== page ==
One of the strongest Popol Vuh relationships is with the noted Stela 5. We see a deity giving the fruit of the tree of life to two ring-tailed fish.
Izapa Stela 5 Fruit of the Tree Being Given to Two Fish and One Human
The fruit of the tree on Stela 5 functions precisely like a breath bead in Mesoamerican art generally - it represents or facilitates resurrection.
Izapa Stela 5 Fruit of the Tree as Breath Bead
And what happened to the two fish who received the fruit? They gained eternal life. They are depicted descending from the sky panel. In Popol Vuh parlance, the hero twins resurrected.
Izapa Stela 5 Two Fish Descending from Sky Panel
To appreciate these narrative motifs in context, here is an image of the entire Stela 5. As with all images on this blog, click to enlarge.
Izapa Stela 5 by Garth Norman
To understand why I believe the various Norman images of Stela 5 are more faithful to the original than the later Clark/Moreno "New Artistic Rendering," see the blog articles "V Garth Norman in Mexico City," and "Art and Iconography 4." For other examples of breath beads and the idea that Izapa Stela 5 is an archetype of this iconographic convention, see the blog article "Partake of the Fruit."

Even though I think his Stela 5 drawing is inaccurate (many others who know Izapa well also ignore it), I greatly respect Ayax Moreno's vast knowledge of the site. He eats, drinks, and sleeps Izapa. Literally. Javier Tovar (his classmate at Benemerito) spent a week with him and they slept in sleeping bags at the site.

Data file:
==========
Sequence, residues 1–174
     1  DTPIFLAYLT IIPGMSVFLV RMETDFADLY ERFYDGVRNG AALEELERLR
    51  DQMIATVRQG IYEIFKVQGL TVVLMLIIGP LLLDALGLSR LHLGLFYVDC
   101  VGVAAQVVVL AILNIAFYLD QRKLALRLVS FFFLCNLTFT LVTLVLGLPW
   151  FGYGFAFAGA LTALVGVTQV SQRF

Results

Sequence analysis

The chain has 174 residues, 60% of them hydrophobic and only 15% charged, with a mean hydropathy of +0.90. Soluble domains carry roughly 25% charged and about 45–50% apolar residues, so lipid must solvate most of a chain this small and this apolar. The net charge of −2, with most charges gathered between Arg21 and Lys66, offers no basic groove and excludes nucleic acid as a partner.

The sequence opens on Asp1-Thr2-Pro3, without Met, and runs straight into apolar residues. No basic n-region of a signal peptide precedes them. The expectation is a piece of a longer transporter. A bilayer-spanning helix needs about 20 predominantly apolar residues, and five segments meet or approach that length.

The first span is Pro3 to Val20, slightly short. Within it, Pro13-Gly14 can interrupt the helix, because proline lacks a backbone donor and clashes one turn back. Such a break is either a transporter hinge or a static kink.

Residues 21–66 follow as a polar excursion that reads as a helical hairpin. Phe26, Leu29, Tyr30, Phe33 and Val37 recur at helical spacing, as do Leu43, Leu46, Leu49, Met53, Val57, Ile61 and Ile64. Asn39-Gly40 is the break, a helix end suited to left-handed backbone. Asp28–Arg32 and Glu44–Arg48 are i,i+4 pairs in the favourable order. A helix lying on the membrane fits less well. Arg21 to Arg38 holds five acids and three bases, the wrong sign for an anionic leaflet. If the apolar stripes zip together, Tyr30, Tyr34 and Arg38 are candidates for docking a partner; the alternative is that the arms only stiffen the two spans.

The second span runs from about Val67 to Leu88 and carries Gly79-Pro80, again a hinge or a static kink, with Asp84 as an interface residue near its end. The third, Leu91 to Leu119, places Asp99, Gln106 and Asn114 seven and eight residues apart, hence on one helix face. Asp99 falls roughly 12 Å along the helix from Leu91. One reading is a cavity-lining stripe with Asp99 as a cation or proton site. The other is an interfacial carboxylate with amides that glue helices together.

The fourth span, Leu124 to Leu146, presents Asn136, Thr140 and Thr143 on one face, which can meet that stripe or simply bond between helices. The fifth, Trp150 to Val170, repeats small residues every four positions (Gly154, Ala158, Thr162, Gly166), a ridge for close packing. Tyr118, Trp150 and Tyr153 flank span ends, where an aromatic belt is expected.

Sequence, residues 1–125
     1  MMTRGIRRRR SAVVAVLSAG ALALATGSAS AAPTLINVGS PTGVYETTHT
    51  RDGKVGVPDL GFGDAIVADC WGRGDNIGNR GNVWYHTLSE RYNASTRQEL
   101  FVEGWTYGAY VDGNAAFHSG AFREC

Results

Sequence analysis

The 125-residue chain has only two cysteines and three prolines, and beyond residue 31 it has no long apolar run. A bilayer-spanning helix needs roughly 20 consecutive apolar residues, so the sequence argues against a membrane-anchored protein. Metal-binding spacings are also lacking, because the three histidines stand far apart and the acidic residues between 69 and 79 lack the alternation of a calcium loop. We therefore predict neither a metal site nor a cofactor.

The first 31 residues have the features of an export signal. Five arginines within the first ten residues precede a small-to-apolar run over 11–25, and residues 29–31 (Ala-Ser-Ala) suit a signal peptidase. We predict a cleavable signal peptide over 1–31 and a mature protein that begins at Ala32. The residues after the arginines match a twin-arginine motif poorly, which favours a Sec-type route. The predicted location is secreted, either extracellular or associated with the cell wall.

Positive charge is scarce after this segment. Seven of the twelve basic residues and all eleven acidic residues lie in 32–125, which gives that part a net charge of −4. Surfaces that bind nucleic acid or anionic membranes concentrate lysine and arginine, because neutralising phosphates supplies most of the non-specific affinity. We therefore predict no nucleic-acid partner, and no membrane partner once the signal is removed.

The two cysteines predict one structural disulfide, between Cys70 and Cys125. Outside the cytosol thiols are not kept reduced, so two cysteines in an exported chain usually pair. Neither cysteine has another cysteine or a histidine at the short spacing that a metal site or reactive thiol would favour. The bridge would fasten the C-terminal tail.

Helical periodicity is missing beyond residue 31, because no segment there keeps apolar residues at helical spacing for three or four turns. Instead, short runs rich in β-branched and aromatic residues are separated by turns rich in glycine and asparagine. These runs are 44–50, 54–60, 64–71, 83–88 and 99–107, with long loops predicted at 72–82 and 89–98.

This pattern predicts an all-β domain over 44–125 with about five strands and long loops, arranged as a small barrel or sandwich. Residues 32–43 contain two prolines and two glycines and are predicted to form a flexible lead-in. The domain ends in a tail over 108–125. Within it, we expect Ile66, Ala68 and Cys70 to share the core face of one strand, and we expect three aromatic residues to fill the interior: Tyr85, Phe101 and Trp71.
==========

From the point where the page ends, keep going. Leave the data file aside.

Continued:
Ayax Moreno and Javier Tovar in Group F
On the morning of February 21, 2020, we rousted Ayax out of his sleeping bag at the site. He had been up until 3 am observing constellation rise and set points along various Izapan sight lines. Ayax believes the Popol Vuh creation myth originated at Izapa and spread from there throughout the Maya world. Many well-informed specialists such as Julia Guernsey and Garth Norman agree with him.

Ever since the publication of Dartmouth geographer Vincent Malmstrom's, "Origin of the Mesoamerican 260-Day Calendar," in Science 181/4103 (07 Sep 1973), pp. 939-941, the idea that the Mesoamerican calendar system originated at Izapa has been gaining support. The sun's zenith passages at Izapa's 14.8 degree latitude are precisely 260 days apart (the length of human gestation), occuring most years on August 13 and April 30. The Maya long count base date is August 13, 3114 BC.

Izapa's influence spread far and wide. These are sites where archaeologists have noted some kind of Izapa connection.
Sites Influencing or Influenced by Izapa
Izapa was continuously occupied from early pre-classic (ca. 1500 BC) to post-classic (ca. AD 1200) times. Unlike most other Mesoamerican sites, early construction was not overlaid with later architectural layers. There must have been some ancient notion that Izapa deserved what we moderns call "historical preservation."

Izapa Altar 20 in Group B is a clue why Izapa was important in ancient cosmologies. It shows a bird deity clutching the sun in its talons and giving a fruit of the tree of life in its beak to a human supplicant.
Izapa Altar 20 by Garth Norman
In the Popol Vuh, Hunahpu and Xbalanque did not just resurrect. They apotheosized into the sun and the moon. In other words, they ascended to heaven and became gods. Ascent to heaven is part of the message Izapan monuments communicate. Altar 3 in Group A shows an anthropomorphic bird ascending.
Izapa Altar 3 by Garth Norman with Man-Bird Ascending to Heaven
Stela 9 in Group B is even more explicit. A winged deity ascends to heaven carrying a human on its back.
Izapa Stela 9 by Garth Norman